Tea is the most common taste of India. Introduced by the British, tea has become Indian to the core over the years. This hot beverage is a regular entertainer, a source of living, a refreshing drink, an excuse for discussions, a part of gossip culture and a household tradition in India. It is inseparable from the socio-cultural and socio-economic being of the country. Recently, tea has become a witness to the ongoing political campaigns in connection with the upcoming Lok Sabha elections all over India. Indian Eagle explores the different dimensions of tea culture in Indian society.
Guests are entertained like Gods all over India. Serving tea with some crispy snacks to them is an age-old tradition that is weaved like a thread in the socio-cultural fabric of the country. Offering tea is a token of hospitality in Indian society. Be the season summer, winter, rainy or spring, cups of hot tea with a plateful of snacks like samosa, kachori, aloo pakoda, mixture, potato chips, etc. are a must in service to guests in households across the country.
Indians of different age groups are in the habit of getting up from bed and starting the day with sips of tea in the morning. Having tea in the morning is part of their daily routine. The women in Indian households – mothers, wives, or sisters – perform the duty of making morning tea as a habitual action and a token of affection for the family members. The making of tea by them is a sign of their love and care for the other members of the household.
Tea break for some refreshment is given to the employees at most workplaces in India. They discuss many things and day-to-day events during the tea break. They interact with and get close to their colleagues at this time of the working day. It makes a healthy environment with good work culture for the employees.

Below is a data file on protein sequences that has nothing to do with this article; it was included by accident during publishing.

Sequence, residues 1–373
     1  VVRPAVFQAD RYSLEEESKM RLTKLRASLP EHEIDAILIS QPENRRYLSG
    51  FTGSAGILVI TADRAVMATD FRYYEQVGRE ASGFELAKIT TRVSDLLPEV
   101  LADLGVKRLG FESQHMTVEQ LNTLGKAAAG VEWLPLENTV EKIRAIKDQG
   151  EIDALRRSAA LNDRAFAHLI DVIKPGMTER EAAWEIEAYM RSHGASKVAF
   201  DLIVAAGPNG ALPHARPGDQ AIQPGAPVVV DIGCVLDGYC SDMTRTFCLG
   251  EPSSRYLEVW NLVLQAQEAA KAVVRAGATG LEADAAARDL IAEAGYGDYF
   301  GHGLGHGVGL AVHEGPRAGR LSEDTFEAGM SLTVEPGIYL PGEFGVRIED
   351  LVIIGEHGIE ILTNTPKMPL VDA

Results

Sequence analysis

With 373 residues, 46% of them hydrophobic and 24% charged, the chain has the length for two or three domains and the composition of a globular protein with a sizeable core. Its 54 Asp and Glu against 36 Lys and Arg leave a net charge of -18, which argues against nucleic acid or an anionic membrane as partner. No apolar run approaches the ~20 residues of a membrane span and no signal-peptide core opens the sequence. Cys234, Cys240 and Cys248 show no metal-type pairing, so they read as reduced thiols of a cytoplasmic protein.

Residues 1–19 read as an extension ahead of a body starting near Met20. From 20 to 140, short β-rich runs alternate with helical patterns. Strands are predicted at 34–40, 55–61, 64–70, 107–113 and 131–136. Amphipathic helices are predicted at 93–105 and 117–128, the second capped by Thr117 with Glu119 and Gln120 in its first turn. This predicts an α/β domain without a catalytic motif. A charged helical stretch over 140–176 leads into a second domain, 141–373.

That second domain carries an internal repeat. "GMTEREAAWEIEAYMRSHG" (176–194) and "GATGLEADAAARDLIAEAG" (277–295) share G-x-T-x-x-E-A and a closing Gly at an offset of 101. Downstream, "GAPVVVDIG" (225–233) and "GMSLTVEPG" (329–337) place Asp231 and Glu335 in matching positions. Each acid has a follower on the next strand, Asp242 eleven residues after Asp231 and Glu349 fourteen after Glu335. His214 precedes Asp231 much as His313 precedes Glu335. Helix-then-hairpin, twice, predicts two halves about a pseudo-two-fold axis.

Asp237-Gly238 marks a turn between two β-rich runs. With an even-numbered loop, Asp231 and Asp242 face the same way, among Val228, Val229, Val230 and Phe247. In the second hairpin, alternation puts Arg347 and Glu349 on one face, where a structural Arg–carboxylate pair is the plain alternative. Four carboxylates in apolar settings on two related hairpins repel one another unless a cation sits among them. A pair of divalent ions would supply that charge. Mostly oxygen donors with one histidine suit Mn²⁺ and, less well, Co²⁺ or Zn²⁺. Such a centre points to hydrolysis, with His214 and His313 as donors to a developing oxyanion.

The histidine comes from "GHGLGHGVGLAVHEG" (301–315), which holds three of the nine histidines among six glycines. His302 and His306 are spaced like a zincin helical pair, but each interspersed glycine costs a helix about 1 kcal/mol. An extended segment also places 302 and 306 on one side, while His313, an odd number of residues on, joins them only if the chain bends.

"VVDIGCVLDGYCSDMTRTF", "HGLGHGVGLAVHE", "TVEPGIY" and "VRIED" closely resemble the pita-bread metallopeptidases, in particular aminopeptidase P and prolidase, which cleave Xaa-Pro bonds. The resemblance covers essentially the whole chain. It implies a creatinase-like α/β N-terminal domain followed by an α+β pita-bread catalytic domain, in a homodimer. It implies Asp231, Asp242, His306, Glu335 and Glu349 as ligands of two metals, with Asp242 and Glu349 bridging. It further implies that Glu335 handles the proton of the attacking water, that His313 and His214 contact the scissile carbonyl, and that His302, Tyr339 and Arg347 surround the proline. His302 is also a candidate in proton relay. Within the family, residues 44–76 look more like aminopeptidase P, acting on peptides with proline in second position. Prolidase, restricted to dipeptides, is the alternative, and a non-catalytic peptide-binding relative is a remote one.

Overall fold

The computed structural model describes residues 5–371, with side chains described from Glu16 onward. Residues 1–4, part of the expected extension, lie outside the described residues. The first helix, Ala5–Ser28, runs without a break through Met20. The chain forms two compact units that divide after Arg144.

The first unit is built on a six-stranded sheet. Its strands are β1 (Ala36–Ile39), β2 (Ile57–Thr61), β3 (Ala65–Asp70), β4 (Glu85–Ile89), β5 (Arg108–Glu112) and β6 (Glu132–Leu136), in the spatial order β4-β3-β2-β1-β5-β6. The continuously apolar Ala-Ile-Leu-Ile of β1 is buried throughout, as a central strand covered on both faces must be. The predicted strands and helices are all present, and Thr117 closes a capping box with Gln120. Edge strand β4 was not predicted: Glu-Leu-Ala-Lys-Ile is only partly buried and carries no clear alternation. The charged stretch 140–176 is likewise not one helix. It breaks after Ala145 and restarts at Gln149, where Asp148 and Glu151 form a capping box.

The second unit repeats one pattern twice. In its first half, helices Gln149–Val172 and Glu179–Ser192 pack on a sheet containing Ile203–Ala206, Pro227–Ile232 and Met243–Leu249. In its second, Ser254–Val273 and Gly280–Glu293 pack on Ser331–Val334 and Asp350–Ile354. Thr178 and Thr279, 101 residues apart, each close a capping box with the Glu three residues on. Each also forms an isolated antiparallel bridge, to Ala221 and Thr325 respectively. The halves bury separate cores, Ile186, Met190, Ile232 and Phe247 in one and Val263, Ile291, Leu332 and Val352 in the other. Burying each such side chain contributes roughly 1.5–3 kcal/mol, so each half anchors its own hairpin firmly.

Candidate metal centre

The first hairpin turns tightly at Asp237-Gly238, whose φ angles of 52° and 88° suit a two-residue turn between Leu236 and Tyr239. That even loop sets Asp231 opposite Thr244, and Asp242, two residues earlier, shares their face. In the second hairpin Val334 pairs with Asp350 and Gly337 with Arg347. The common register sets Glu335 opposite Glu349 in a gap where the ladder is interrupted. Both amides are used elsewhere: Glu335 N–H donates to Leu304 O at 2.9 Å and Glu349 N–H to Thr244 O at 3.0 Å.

In many regional communities of India, there is a custom associated with the making of tea. The new brides are required to make the morning tea on her first day in the in-laws’ house. A new bride is expected to wake up her husband by serving a cup of hot tea to him in bed. For time immemorial, it has been an Indian cultural tradition.
Indians have an affair with tea in the evenings too. Sips of tea are like breaths of energy and freshness for menfolk after their return from work in the evening. They hit the couch with cups of tea and shed weariness by drinking this hot beverage. Moreover, the tea table is a place for family get-together in some households on weekend evenings.
Senior citizens in general and the retirees in particular share a great bond with tea, in India. Most of them make a regular visit to the tea stalls in their localities, early in the morning and indulge in gossip about whatever is the talk of the town in present times while sipping into the cups of tea. They debate and discuss on everything under the sun. At tea stalls, their gossip on some trivial matters is like a storm in a teacup.
There is not a single railway platform without tea stalls and tea vendors in India. The passengers on platforms are in the habit of taking tea while waiting for trains. Thousands of vendors earn a daily living by selling tea in local and express trains. Evidently, tea is a means of sustenance for many across the country. “Garam chai” is the most common call of the chaiwallah (one who sells tea or chai) to hear on Indian railway platforms and at bus stands.
Nowadays, tea is the center of the political campaign “Chai Pe Charcha” (discussion over tea) launched by Narendra Modi, Chief Minister of Gujarat, to promote his prime ministerial candidature for the Lok Sabha elections 2014 in India. 1000 tea stalls in 300 cities have been brought under the purview of this campaign which has enabled Narendra Modi to connect with the common working-class people at the grassroot level. With the campaign making headlines, tea is now the national flavor of India.
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